A group owned by Sanjeev Gupta and his family is fighting the potential administration of one of their British Virgin Islands companies which owns a stake in the firm behind one of the world’s biggest tidal power projects.
Simec Atlantis Energy has been told by the Gupta Family Group (GFG) Alliance that it has started legal proceedings to challenge the appointment of receivers at a British Virgin Islands holding company.
Simec Atlantis said that 43% of its shares are owned by Simec UK Energy Holdings (SUEH), which is part of the GFG Alliance, a loose group of companies and investments which are linked to the Gupta family.
In May, Simec Atlantis revealed that SUEH was facing a purported appointment of receivers, and that GFG was considering its options, the announcement sent shares plummeting by more than a quarter.
On Wednesday its shares dropped a further 5% following the update.
The business is incorporated in Singapore, listed in London and has its head office in Edinburgh.
The receivers are reportedly also applying for a waiver under the part of Singapore law which could require them to make an offer to buy the rest of the shares in Simec Atlantis.
Simec Atlantis was launched in 2005 and is best known for MeyGen, the “world’s largest” tidal power project, according to the company, off the coast of northern Scotland.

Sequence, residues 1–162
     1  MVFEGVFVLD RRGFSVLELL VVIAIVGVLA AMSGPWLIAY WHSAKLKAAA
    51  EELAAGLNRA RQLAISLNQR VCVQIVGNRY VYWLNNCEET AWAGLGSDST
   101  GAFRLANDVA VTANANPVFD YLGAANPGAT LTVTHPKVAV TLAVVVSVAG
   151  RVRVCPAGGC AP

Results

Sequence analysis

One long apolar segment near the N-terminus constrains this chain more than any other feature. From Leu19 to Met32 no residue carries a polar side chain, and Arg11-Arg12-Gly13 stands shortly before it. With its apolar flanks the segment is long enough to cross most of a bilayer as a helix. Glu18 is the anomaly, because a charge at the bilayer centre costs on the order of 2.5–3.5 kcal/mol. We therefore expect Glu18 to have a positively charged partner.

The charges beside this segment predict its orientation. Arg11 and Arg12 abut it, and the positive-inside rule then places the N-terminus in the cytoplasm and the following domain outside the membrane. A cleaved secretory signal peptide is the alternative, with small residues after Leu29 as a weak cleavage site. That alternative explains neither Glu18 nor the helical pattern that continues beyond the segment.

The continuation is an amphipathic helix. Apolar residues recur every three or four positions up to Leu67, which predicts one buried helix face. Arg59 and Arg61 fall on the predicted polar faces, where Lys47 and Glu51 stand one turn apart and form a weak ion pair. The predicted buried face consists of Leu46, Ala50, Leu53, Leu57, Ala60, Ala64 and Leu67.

GFG’s involvement with Simec Atlantis started in December 2017 when the SUEH was handed a stake of just under 50% in exchange for the Uskmouth coal power plant by Newport in Wales.
The idea was to convert the dirty coal plant into burning non-recyclable waste, with first power being produced in 2020.
But earlier this year the Welsh Government stepped in to announce a moratorium on all new energy from waste projects and took over the planning permission process for Uskmouth from the local company.
In May the Serious Fraud Office confirmed publicly for the first time that it was investigating suspected fraud, fraudulent trading and money laundering among GFG Alliance, including its financing arrangements with Greensill Capital.
The SFO did not reveal what exactly it is investigating.
The Financial Times has revealed that GFG borrowed money from Greensill which was secured against so-called “future receivables”, forecasts of invoices for deals that it had not signed.
“As part of those programmes, Greensill selected and approved companies with whom its counterparties could potentially do business in the future,” Mr Gupta himself explained in a letter to the newspaper.